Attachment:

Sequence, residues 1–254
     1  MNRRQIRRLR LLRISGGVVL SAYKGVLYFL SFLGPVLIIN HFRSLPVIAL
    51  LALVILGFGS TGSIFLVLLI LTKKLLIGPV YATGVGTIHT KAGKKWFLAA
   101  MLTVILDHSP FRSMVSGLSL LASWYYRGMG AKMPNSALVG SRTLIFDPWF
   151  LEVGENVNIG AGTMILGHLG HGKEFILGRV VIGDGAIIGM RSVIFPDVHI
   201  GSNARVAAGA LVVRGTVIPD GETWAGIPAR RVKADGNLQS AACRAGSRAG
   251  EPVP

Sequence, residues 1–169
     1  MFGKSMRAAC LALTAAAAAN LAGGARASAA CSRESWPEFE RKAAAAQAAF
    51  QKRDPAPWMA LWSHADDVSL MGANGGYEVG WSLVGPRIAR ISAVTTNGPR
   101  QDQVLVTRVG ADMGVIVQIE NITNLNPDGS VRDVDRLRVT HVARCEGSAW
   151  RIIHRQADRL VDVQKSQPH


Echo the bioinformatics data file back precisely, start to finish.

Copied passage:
Sequence, residues 1–254
     1  MNRRQIRRLR LLRISGGVVL SAYKGVLYFL SFLGPVLIIN HFRSLPVIAL
    51  LALVILGFGS TGSIFLVLLI LTKKLLIGPV YATGVGTIHT KAGKKWFLAA
   101  MLTVILDHSP FRSMVSGLSL LASWYYRGMG AKMPNSALVG SRTLIFDPWF
   151  LEVGENVNIG AGTMILGHLG HGKEFILGRV VIGDGAIIGM RSVIFPDVHI
   201  GSNARVAAGA LVVRGTVIPD GETWAGIPAR RVKADGNLQS AACRAGSRAG
   251  EPVP

Sequence, residues 1–169
     1  MFGKSMRAAC LALTAAAAAN LAGGARASAA CSRESWPEFE RKAAAAQAAF
    51  QKRDPAPWMA LWSHADDVSL MGANGGYEVG WSLVGPRIAR ISAVTTNGPR
   101  QDQVLVTRVG ADMGVIVQIE NITNLNPDGS VRDVDRLRVT HVARCEGSAW
   151  RIIHRQADRL VDVQKSQPH